When you install Windows 10 anew on a PC or run it for the first time if it comes pre-installed with the computer, you create the first user account during that process.
This is the main account on the system and configured to be an administrator account by default, but it is not the only one that is created during that process.
Windows 10 creates two additional user accounts automatically which are both inactive by default.
The first is a guest account which Microsoft designed for users who access the device but don't have a permanent account on it.
Guest accounts are severely limited as it is not possible to install software or hardware, or modify system settings.
The second is the administrator account. It is also inactive by default and needs to be enabled before it can be used. While not required at all, it is often used for troubleshooting or administrative purposes when it is enabled.
A core difference between the administrator account of the user and this built-in administrator account is that the former receives UAC prompts while the latter does not. The user account is an unelevated administrator account while the built-in administrator account an elevated one.
To enable the Windows 10 administrator account do the following:
- Tap on the Windows-key. This should open the start menu or bring you to the Start Screen interface depending on how Windows 10 is configured on the system.
- Type cmd and wait for the results to be displayed.
- Right-click no the Command Prompt result and select "run as administrator" from the context menu.
- Run the command net user to display a list of all user accounts on the system.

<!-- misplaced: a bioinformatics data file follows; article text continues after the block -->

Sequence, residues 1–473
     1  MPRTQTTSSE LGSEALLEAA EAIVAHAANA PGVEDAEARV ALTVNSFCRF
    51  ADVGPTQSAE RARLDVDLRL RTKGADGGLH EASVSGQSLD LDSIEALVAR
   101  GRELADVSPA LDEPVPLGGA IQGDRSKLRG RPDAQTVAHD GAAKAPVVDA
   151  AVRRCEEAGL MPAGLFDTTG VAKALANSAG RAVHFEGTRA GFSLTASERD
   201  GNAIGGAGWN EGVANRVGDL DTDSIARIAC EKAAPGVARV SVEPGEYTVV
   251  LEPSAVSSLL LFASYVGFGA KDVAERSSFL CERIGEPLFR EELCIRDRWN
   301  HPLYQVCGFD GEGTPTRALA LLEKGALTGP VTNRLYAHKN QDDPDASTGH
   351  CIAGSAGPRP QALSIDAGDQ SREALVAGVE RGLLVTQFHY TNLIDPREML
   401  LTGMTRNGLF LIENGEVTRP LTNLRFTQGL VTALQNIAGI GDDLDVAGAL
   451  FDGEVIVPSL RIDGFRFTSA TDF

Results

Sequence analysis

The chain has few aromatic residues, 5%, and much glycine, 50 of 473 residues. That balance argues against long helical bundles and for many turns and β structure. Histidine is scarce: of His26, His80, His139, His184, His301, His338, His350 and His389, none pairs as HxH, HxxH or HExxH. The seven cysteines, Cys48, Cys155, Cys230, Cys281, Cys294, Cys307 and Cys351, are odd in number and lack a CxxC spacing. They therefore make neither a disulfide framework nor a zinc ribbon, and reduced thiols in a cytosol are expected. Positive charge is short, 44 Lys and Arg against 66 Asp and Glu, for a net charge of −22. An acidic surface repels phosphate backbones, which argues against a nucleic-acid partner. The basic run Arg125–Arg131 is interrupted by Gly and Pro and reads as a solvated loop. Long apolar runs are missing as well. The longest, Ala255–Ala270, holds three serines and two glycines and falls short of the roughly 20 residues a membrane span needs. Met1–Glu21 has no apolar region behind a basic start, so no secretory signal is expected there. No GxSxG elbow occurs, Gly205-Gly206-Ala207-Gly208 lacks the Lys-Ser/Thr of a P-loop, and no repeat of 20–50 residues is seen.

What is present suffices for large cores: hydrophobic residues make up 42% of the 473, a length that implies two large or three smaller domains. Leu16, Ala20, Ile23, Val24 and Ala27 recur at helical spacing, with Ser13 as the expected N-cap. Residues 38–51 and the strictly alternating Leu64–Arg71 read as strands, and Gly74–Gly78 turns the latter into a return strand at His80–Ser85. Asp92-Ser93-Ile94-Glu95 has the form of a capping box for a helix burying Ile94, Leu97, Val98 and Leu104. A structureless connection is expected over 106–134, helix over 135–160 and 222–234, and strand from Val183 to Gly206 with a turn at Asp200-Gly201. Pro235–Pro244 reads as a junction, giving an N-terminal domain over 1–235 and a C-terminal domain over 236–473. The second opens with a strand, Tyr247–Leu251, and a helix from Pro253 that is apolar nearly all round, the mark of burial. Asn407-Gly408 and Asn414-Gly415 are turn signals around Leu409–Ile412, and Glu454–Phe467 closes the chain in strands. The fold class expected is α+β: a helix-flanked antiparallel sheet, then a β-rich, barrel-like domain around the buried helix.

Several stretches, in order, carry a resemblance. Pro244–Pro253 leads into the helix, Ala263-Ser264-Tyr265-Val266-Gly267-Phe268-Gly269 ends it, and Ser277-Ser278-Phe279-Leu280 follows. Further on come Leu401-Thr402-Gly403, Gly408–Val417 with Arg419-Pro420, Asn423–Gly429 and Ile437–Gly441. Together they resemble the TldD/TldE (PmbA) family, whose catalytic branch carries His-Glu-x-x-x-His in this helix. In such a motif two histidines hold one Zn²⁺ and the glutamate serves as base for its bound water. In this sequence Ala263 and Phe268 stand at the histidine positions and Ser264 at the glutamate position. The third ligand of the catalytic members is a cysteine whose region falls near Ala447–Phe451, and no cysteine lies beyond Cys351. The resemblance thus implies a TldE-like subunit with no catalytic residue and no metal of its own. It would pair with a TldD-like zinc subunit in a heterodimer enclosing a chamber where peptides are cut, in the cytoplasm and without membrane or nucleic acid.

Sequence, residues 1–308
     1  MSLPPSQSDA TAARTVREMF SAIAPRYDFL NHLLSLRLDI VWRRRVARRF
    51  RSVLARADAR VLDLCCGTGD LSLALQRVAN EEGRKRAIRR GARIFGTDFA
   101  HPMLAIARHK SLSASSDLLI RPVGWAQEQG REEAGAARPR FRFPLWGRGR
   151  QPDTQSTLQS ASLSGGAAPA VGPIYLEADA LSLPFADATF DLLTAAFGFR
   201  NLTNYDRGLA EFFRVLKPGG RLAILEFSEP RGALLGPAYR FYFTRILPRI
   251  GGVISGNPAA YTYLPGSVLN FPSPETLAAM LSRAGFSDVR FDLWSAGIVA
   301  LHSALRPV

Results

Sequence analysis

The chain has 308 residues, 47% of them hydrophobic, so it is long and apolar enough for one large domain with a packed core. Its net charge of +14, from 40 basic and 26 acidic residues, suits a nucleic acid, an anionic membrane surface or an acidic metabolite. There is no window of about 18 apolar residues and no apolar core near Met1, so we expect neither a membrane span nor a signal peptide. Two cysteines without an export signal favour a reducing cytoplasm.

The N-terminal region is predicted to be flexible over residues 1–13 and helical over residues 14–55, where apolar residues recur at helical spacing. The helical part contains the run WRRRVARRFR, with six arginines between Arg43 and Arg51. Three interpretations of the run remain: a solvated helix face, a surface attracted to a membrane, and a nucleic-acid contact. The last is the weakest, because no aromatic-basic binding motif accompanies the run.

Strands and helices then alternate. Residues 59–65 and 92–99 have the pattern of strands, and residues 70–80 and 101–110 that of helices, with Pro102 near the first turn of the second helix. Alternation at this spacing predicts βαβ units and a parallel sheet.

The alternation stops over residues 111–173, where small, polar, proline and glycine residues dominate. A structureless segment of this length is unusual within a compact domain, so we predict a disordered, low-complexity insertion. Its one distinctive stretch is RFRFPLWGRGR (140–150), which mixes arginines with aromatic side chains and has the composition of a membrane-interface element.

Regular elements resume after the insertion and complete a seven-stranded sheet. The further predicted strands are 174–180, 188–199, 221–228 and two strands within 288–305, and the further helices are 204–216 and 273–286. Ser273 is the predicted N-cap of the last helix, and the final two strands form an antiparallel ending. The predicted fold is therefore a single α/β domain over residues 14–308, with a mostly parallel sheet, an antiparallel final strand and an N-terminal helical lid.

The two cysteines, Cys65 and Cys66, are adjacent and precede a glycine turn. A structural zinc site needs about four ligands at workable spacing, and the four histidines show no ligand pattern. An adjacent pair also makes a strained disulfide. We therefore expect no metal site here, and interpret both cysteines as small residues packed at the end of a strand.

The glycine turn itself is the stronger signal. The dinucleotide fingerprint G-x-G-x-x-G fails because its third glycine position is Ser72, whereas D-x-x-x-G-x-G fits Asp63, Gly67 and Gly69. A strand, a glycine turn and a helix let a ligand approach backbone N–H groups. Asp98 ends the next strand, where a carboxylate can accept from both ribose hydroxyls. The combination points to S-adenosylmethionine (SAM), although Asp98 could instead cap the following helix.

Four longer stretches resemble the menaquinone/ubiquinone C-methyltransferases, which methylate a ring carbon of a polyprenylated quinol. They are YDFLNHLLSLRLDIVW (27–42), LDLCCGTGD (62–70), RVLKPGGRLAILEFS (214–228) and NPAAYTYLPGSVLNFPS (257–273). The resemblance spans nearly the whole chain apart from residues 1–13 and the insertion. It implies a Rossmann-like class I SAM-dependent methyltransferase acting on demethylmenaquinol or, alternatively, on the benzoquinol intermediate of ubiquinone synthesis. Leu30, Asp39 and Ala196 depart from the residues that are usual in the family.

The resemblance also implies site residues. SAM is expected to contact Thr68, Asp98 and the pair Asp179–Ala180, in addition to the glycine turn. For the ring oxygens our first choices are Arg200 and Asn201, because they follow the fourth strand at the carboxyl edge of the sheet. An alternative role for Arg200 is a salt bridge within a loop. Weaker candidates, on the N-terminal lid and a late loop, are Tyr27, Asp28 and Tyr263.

- To activate the inactive administrator account, run the command net user administrator /active:yes
- If you want to enable the guest account as well run the command net user guest /active:yes
The administrator account is active now which means that you can sign in to the system using it. It is not password protected by default which means that anyone with access to the system can use it to sign in to it.
It is highly recommended to protect it with a password. This can also be done on the command line:
- Type net user administrator * and hit enter.
- You get a password prompt. Type the desired password and again when you are asked to type it a second time for confirmation.
To disable accounts at any time, use the following command:
- On an elevated command prompt: net user administrator /active:no
Other commands of interested are:
- Net user administrator - Displays information about the user account on the command line.
- Net user username /delete - Deletes username on the system. This does not work with built-in accounts.
Tip: if you are running Windows 8, check out this guide which walks you through the procedure on this version of Windows.